SF Int’l Film Festival! Part 2
More film capsule reactions:
The 12 Labors
Set in Sao Paolo, Brazil, this story of a young man two months out of two years in juvenile jail who gets a job as a motorcycle messenger, is a good look at Sao Paolo and its insane traffic, class divisions, etc., but like too many Brazilian films, it’s predictable, a bit cliche’d, finaly boring for the telenovela shallowness of the characters. Kind of Brazil’s version of Horatio Alger, the poor kid who heroically escapes a life of crime… heartwearming and sleep inducing–of course it was my 4th movie of the day when I saw it!
Set in Chad, the story of a young man about 20 or so named Atim, meaning orphan, who listens to the Truth and Justice Commission’s decision to grant general amnesty to all war criminals from the Civil War. His blind grandfather then bids him to get justice for his dead father by killing his murderer. That man turns out to be a baker and strong Muslim now, aware he caused a lot of harm in his life. Atim travels to his city and becomes his apprentice, wrestling with is urges to shoot him throughout. The great climax, the man wants to adopt Atim and accompanies him to meet his father. (Atim, who is occasionally quite animated and charming, is mostly sullen, filled with rage, and quite mute.) Instead they find grandpa in the desert waiting for Atim’s return. He demands that Atim humiliate the man like his father was, so he is forced to disrobe. Then grandpa says “execute him!”–Atim saves him by feigning it, shotting in the air. Grandpa orders the coup de grace, and Atim feigns it again, fooling the blind grandfather. Atim joins grandpa and they walk away opposite from the terrified baker. Grandpa asks “did you hand shake?” and Atim says “no” and grandpa says “now you are a man.” End of movie… !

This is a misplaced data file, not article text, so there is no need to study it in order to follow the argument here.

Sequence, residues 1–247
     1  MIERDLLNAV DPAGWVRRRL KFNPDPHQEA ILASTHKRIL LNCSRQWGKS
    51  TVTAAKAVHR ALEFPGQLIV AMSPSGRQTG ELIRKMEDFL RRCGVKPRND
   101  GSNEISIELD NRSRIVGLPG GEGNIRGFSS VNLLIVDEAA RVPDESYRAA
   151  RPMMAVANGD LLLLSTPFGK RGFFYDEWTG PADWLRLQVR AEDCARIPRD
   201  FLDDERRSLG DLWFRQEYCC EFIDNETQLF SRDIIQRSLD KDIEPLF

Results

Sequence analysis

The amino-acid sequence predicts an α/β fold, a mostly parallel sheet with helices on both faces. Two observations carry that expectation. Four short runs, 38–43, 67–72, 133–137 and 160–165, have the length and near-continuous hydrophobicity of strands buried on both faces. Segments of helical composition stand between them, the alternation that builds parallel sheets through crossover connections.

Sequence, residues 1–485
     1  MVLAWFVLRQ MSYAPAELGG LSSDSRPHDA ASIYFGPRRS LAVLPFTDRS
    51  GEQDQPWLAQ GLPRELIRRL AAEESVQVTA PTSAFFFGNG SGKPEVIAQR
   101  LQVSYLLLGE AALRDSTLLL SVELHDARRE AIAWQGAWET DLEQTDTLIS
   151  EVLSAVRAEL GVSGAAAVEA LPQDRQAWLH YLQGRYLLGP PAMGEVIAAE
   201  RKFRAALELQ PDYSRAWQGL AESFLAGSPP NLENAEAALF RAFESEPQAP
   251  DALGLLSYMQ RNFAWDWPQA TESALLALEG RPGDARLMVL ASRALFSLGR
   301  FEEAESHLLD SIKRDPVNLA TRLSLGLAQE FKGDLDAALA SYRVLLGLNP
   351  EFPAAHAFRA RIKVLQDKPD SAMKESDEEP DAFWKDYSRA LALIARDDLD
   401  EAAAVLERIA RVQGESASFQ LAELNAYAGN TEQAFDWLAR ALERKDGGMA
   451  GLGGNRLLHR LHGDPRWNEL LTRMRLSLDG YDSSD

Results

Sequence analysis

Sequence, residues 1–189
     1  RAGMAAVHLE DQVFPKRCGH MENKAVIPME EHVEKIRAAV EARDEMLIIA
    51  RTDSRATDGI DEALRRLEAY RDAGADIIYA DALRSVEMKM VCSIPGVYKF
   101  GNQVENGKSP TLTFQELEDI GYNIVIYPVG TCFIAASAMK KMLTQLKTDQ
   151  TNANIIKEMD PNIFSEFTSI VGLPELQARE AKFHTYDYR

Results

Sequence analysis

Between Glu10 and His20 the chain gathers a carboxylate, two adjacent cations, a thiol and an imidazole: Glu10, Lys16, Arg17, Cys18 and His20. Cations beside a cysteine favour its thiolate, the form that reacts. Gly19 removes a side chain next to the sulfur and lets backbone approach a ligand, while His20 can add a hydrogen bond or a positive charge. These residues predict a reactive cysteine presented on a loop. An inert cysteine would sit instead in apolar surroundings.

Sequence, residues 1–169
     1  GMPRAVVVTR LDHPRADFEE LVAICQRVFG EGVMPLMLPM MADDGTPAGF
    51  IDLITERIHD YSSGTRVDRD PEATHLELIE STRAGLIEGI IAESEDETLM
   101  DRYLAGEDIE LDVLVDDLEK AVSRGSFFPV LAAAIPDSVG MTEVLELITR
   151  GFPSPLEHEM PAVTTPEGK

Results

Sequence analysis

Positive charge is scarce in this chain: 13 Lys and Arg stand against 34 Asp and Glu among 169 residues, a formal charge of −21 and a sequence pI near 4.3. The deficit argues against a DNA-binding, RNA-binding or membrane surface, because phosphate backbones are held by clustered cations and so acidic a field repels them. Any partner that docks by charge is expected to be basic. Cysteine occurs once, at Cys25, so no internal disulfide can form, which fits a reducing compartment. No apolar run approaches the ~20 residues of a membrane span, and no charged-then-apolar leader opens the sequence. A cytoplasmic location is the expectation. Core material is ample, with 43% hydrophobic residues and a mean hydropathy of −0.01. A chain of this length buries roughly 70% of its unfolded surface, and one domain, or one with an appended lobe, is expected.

Sounds of Sand
Relentlessly bleak, a too-healthy family with beautiful smiles and teeth are forced to migrate when their Sahel village water dries up. The bulk of the film is their impossible trip across the desert, attacked by drug-addled “rebels” and slowly dying of thirst, losing their goats and belongings, one son is taken hostage, another is killed pointlessly. The little girl who was threatened with smothering at the outset of the film, is the only one to survive with her father, when they are saved by a UNHCR patrol from coma in the stark white desert. The refugee camp seems like paradise after this film!
Parker Posey stars, Zoe Cassavettes directs, Gena Rowlands supporting actress. Probably the most interesting thing about this movie is that it is billed as a “romantic comedy” but afterwards Cassavettes called it a “portrait of loneliness.” That’s much more accurate. Posey’s character Nora is a near alcoholic pill-popper, scared of intimacy, has sex on first dates after getting very drunk, and ends up miserable, frantically wanting a man she can’t recognize or have. Works full-time in “guest services” at a boutique hotel after getting her degree in Art. Another tale of lonely overworked isolated professional woman–she meets a nice French guy and eventually quits her job to go to Paris to find him (after a whirlwind romance in NY), which she does at the very end of the movie. So it’s left open what will happen, infused with the last half hour of intensely romantic scenes in glorious Paris. Hokey or tragic–take your pick.
The great Italian director Nanni Moretti made this frontal assault on Berlusconi and Italian filmmaking. Amazing by the end when Moretti himself plays the arrogaintly defiant Berlusconi, refusing to relinquish power, refusing to be punished by the courts…. but getting there is a fun trip, mostly about a sad loser of a filmmaker, but one who is also a sweet father going through a sad divorce from his equally sweet, gorgeous blonde wife (also a great mom). Farcicial film-making send-ups, much hilarity, great humanity, amidst corruption and Berlusconi’s Italy.